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GOP Presses for Medicare Plan Amidst Democratic Challenges

By Roberto Suro
THE WASHINGTON POST -- WASHINGTON

The White House steps into a major issue in the presidential campaign this week, arguing that Republican plans to improve Medicare prescription drug coverage would fail to reach many low-income seniors and would take far longer to establish than Democratic alternatives, according to administration officials.

Republicans are pressing legislation that closely mirrors a proposal unveiled last week by Texas Gov. George W. Bush. John D. Podesta, the White House chief of staff, strongly suggested Sunday that the administration would prefer to scuttle the GOP plan and keep the issue alive on the campaign trail.

“When people look at what is in that [GOP] plan, they’re going to find two-thirds of Medicare recipients are left out, 50 percent of the people without drug coverage are left out,” Podesta said during an appearance on “Fox News Sunday.”

President Clinton is expected to enter the fray Tuesday when he meets with congressional leaders to discuss matters Congress is expected to address before it adjourns next month, administration officials said.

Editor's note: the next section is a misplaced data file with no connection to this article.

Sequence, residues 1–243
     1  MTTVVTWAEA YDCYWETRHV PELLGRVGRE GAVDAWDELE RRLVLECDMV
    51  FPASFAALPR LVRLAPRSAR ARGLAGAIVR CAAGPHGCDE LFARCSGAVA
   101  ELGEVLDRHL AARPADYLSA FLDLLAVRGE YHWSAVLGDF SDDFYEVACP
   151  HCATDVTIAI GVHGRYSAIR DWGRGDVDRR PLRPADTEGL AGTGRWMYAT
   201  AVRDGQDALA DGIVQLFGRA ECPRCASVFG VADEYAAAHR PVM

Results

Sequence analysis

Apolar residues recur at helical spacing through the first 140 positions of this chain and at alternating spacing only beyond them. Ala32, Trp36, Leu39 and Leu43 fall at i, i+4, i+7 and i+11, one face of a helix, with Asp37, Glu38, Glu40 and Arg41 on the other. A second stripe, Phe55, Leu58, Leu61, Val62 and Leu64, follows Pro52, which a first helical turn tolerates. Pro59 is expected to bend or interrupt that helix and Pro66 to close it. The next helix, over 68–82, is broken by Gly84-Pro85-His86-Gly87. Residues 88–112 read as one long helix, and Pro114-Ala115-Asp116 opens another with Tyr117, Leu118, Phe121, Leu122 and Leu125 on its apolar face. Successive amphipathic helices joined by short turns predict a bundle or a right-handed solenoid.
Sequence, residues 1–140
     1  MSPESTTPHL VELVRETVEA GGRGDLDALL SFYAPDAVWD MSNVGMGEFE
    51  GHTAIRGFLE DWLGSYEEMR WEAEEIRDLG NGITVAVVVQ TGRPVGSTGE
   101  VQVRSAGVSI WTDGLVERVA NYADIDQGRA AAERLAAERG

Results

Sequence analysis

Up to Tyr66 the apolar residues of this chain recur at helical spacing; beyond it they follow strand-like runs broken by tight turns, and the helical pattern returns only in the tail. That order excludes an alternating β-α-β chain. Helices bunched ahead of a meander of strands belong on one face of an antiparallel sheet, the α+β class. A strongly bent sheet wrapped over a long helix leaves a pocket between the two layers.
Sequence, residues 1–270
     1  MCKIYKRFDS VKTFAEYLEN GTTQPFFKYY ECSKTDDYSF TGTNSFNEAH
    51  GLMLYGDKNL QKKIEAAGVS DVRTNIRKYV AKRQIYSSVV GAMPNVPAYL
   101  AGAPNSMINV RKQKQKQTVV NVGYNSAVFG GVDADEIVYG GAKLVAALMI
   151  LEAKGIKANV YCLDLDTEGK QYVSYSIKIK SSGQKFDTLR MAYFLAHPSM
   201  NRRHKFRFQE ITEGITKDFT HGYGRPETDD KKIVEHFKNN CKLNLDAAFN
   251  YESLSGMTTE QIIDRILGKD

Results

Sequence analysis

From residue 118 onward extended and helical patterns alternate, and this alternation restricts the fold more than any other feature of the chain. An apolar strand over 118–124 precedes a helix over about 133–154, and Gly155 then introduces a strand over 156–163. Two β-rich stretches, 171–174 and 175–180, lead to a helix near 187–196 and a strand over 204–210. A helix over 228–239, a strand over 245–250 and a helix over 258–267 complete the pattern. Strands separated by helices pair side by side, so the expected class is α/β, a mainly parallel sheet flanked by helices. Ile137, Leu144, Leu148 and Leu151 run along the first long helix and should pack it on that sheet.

Like Bush’s proposal, a bill sponsored by Sen. William V. Roth Jr., R-Del., would initially deliver benefits through programs administered by the states. By contrast, Democrats propose providing drug coverage through Medicare. The Republican plans would limit participation to seniors who met certain income limits while Vice President Gore and congressional Democrats favor extending the benefits to everyone eligible for Medicare.

A top Bush ally, Pennsylvania Gov. Tom Ridge, said the campaign is a better place than Capitol Hill to settle the issue. “If anybody were to ask my opinion,” Ridge said on the Fox interview show, “I think we ought to let the candidates lay out their proposals and let the voters decide.”

Bush’s plan would funnel benefits through the states for four years while a more extensive reform of Medicare was put in place. By contrast, Gore would have Medicare administer benefits from the outset.